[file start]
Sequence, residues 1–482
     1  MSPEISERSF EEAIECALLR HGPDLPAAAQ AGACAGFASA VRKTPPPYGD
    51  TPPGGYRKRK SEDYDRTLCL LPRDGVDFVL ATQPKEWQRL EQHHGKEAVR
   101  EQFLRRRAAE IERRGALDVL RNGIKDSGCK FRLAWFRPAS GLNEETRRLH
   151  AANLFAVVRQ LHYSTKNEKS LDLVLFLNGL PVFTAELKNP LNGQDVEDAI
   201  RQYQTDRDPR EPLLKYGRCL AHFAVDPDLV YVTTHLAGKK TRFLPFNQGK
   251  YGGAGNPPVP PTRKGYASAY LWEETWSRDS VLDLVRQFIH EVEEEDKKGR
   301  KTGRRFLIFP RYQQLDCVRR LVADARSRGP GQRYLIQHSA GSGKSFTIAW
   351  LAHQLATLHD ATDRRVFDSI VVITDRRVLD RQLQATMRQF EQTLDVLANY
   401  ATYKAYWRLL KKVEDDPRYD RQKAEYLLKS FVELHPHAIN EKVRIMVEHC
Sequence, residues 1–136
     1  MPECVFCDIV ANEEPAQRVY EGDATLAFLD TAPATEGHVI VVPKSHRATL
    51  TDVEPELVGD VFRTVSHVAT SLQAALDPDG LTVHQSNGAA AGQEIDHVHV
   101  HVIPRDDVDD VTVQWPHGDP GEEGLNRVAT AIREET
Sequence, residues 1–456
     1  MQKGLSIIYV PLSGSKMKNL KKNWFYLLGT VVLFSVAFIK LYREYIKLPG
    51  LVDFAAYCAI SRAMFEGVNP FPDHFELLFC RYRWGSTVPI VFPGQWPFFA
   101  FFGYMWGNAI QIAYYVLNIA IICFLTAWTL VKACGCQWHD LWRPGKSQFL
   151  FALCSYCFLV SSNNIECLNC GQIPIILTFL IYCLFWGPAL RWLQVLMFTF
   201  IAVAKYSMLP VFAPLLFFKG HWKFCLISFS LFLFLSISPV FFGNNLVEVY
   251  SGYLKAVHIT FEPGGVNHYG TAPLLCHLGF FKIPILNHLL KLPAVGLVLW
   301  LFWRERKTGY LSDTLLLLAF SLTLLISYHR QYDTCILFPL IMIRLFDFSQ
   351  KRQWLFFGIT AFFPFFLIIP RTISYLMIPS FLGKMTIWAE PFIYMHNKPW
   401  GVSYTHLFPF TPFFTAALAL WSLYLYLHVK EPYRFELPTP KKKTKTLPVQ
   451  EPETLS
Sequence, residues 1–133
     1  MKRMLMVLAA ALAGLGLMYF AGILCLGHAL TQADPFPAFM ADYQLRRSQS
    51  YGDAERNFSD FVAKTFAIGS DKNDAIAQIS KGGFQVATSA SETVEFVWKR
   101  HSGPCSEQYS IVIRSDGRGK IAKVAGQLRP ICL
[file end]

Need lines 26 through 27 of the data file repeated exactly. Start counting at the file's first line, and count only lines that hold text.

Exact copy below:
Sequence, residues 1–133
     1  MKRMLMVLAA ALAGLGLMYF AGILCLGHAL TQADPFPAFM ADYQLRRSQS